A thick, slimy layer of “sea mucus” spreads to the Sea of Marmara, south of Istanbul, threatening marine life and fisheries.
According to scientists, climate change and pollution have contributed to the proliferation of organic matter, known as “marine mucus”, which contains a wide variety of microorganisms and grows when nutrient-rich wastewater ends up in seawater.
Images from a drone over the Marmara Sea show cargo ships and ferries at sea, which is covered by a layer of gray matter that can cause suffocation in marine life, according to Reuters.
“It simply came to our notice then. This is the result of household waste and its pollutionSays director Tahsin Ceylan, who is creating a documentary about the impact of this marine “slime”.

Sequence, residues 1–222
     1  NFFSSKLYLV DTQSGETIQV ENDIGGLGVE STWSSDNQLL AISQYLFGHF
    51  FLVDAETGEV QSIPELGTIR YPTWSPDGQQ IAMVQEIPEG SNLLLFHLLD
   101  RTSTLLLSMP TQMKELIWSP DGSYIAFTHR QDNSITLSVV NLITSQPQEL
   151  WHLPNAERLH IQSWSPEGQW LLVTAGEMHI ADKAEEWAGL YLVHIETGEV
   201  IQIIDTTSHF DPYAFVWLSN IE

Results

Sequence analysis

“All you can do is not throw your waste in the sea. I think this is not worth it in nature “, says.
Experts link this increase in “marine mucus” to high sea temperatures due to climate change, as well as to the discharge of raw sewage into the sea.
Environment Minister Murat Kurum said it was a serious problem and a team of 300 people was assessing dozens of sites in the Marmara Sea, as well as water treatment plants and pollution sources.
According to him, the government will discuss with all parties on Friday and will announce an action plan for the protection of the sea on Sunday.
Hydrobiologist Levent Artuz warned that such ecological problems would continue unless there was a change in human behavior. “As long as we continue with these practices, it does not make much sense to expect different results. “We will continue to encounter disasters like this,” he stressed.